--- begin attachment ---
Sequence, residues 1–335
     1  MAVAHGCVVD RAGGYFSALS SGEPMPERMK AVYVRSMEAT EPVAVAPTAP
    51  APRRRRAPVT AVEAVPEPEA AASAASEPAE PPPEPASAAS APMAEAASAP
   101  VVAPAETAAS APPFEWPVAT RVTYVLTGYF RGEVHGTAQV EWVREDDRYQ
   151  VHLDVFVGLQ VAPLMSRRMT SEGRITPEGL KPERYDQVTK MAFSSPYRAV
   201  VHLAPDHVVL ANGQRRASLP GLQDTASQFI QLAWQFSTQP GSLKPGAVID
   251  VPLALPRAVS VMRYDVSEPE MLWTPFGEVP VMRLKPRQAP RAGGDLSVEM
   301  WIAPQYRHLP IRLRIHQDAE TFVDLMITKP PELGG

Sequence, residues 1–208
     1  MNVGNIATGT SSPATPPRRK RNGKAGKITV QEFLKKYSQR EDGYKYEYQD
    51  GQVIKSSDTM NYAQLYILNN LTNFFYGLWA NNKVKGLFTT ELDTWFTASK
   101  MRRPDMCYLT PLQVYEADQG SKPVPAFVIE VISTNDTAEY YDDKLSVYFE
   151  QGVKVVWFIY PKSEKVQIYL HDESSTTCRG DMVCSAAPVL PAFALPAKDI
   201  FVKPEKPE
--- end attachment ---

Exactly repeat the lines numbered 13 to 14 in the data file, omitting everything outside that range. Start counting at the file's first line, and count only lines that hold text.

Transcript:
   151  QGVKVVWFIY PKSEKVQIYL HDESSTTCRG DMVCSAAPVL PAFALPAKDI
   201  FVKPEKPE